Even as researchers refine diagnostic tests for SARS and search for
effective treatments, the main emphasis remains on preventing new cases
from developing. To accomplish this, the WHO and the CDC have
established a number of guidelines aimed at stopping transmission of the
you're caring for someone at home with SARS, these measures can help you
Wash your hands
frequently with soap and hot water or use an alcohol-based hand rub.
touching your face with your hands, use a disposable tissue to rub
your eyes or nose.
gloves if you have contact with the body fluids or feces of someone
with SARS. Throw the gloves away immediately after use and wash your
Wear a surgical
mask when you're in the same room as a person with SARS. Wearing
glasses also may offer some protection.
Use soap and hot
water to wash the silverware, towels, bedding and clothing of
someone with SARS, and don't use these items yourself until they're
a household disinfectant to clean any surfaces that may have been
contaminated with sweat, saliva or mucus, or even vomit, stool or
urine. Wear disposable gloves while you clean and throw the gloves
away when you're done.
all precautions for at least 10 days after the person's symptoms
Keep children home
from school if they develop a fever or respiratory symptoms within
10 days of being exposed to someone with SARS. They can return if
symptoms ease after three days. Children who have been exposed but
don't have symptoms can attend school, but watch their health
Call your doctor
immediately if you develop a fever or respiratory symptoms. Be sure
to let him or her know that you've had close contact with someone
you've been diagnosed with SARS, the following measures can help prevent
you from infecting others:
your hands carefully and frequently with soap and hot water or an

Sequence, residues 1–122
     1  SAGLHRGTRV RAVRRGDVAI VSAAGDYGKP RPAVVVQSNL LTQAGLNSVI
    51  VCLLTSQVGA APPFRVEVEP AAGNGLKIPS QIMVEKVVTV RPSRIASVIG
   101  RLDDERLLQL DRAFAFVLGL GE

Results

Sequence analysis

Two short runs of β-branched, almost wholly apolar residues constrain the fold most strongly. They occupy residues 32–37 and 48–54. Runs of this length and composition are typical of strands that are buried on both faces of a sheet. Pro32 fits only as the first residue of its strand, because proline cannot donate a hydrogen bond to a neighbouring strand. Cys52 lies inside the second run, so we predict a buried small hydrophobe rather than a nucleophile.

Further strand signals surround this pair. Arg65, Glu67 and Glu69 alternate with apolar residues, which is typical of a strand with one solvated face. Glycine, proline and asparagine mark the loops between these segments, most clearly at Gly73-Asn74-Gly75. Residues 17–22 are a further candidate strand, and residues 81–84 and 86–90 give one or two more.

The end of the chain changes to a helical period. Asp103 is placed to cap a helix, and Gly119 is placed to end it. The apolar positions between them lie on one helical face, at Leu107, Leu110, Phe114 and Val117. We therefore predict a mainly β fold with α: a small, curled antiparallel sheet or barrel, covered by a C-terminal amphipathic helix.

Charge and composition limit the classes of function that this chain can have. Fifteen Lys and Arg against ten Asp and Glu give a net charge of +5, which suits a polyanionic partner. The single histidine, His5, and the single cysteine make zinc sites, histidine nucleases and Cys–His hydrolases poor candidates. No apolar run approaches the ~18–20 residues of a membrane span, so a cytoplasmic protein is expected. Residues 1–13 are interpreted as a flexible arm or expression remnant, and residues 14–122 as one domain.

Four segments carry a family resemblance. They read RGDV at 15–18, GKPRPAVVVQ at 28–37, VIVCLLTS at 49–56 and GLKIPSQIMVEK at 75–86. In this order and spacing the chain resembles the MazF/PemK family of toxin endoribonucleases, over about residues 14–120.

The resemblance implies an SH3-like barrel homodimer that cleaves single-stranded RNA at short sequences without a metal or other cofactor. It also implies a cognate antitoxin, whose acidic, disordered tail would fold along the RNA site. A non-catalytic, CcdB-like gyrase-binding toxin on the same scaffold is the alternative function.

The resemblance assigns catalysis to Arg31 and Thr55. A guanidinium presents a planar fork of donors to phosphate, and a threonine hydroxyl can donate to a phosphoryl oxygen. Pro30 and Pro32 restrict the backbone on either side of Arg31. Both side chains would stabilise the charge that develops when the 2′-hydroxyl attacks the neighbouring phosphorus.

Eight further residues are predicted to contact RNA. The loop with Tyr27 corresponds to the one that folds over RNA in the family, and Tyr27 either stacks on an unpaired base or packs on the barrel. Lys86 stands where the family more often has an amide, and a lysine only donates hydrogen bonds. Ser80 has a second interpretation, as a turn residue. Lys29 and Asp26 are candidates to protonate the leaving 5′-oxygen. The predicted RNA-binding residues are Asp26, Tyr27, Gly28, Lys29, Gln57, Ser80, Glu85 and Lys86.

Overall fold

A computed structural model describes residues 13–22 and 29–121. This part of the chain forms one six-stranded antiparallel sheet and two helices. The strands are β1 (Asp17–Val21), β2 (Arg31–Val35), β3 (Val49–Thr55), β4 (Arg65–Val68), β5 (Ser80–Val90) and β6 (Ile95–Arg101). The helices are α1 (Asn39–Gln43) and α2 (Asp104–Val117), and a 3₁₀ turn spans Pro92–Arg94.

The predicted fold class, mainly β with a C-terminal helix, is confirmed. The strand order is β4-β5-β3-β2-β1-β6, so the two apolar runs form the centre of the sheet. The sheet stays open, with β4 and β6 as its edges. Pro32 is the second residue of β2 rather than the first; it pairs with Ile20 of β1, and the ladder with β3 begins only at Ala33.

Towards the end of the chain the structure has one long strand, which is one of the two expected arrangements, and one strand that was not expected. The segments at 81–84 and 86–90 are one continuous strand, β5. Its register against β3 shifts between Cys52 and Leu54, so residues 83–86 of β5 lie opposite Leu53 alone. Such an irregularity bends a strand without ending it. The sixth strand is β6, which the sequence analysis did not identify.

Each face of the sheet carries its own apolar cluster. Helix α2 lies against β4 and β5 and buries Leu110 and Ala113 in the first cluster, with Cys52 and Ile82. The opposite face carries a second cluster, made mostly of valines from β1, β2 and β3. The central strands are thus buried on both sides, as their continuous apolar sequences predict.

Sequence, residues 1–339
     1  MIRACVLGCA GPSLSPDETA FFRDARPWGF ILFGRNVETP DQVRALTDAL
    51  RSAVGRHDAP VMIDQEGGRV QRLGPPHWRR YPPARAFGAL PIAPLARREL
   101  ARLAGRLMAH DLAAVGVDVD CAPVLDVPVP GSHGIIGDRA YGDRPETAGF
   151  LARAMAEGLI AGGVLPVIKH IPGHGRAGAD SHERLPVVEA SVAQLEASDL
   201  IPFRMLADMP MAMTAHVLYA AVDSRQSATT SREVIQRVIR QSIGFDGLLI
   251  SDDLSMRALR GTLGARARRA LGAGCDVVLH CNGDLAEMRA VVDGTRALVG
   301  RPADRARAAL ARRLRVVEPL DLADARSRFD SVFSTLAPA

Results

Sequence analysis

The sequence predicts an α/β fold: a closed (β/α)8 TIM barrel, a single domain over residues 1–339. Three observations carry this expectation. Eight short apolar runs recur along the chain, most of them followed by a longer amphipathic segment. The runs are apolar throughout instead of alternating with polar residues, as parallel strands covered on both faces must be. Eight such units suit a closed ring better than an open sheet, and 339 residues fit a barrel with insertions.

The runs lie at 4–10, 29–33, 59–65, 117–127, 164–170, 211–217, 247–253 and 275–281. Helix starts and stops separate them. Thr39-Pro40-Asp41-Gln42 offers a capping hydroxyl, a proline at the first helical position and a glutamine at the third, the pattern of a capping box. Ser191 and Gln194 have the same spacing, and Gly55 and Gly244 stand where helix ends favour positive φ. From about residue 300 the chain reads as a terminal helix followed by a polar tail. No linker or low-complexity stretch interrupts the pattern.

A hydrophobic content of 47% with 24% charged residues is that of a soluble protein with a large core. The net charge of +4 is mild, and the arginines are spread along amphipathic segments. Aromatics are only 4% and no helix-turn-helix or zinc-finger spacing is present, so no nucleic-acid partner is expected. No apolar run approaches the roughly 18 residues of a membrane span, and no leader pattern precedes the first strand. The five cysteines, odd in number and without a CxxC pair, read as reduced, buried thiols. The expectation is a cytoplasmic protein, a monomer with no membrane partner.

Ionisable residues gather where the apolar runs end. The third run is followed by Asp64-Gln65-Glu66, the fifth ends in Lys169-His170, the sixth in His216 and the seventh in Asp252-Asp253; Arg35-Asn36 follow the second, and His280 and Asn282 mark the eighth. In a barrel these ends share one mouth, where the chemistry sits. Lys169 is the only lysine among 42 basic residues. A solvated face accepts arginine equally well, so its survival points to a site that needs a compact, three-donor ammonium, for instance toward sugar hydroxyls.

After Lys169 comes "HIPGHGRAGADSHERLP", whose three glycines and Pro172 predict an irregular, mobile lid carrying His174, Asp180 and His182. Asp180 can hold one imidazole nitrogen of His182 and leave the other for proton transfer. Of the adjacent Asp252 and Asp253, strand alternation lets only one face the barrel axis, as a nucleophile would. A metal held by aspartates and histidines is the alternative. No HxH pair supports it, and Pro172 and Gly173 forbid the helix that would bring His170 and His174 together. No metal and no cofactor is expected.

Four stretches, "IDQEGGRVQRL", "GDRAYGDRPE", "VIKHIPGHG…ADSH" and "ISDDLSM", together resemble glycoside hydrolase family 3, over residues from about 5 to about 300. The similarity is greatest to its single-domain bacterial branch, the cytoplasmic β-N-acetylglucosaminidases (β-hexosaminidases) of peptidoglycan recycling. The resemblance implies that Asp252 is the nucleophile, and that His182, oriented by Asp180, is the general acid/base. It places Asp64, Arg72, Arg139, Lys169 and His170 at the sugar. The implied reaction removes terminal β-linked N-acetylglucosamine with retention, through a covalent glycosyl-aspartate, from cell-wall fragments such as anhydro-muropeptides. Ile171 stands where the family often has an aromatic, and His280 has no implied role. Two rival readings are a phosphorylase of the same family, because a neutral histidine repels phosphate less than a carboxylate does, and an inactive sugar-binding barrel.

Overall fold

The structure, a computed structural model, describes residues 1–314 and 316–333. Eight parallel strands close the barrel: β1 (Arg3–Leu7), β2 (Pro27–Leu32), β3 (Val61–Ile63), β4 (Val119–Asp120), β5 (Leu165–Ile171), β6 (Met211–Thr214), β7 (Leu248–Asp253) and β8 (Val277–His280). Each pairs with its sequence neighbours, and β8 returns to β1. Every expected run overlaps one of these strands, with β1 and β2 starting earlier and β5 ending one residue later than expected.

alcohol-based hand rub.
Cover your mouth
and nose with a tissue when you cough or sneeze, and if possible,
wear a surgical mask when you're in close contact with other people.
Don't share your
silverware, towels or bedding with anyone in your home until these
items have been thoroughly washed with soap and hot water.
Avoid going to
school, work or other public places for 10 days after your symptoms
Although there are no longer any SARS-related travel restrictions, it's
always wise to take certain precautions when you travel. The following
measures can help ensure you have a safe trip:
Before you leave
Buy or assemble a
basic first-aid kit. Be sure to include an alcohol-based hand
Learn as much as
you can about the SARS status of the countries you'll visit.
Make sure you're
current on all of your immunizations. It's best to have any needed
shots four to six weeks before your departure.
Check your travel
insurance. You may want to purchase coverage for medical evacuation.
Know where medical
care will be available in the areas you visit. Take with you a list
of the names, addresses and phone numbers of recommended
English-speaking doctors and hospitals at your destinations.
Take care on airplanes. Some experts believe that infections spread on
airplanes through the air valves located directly above your seat. It's
best to turn these valves off and to carry disposable towelettes so you
can clean your hands frequently during a flight.
Travel in China and Southeast Asia
To help protect
yourself from infection, wash your hands thoroughly and often. Scrub
well with soap and water or use an alcohol-based hand rub.
In China, avoid
visiting live food markets and avoid wildlife, especially civet
cats, sold in these markets. Some civets have been found to carry
viruses similar to the SARS virus.
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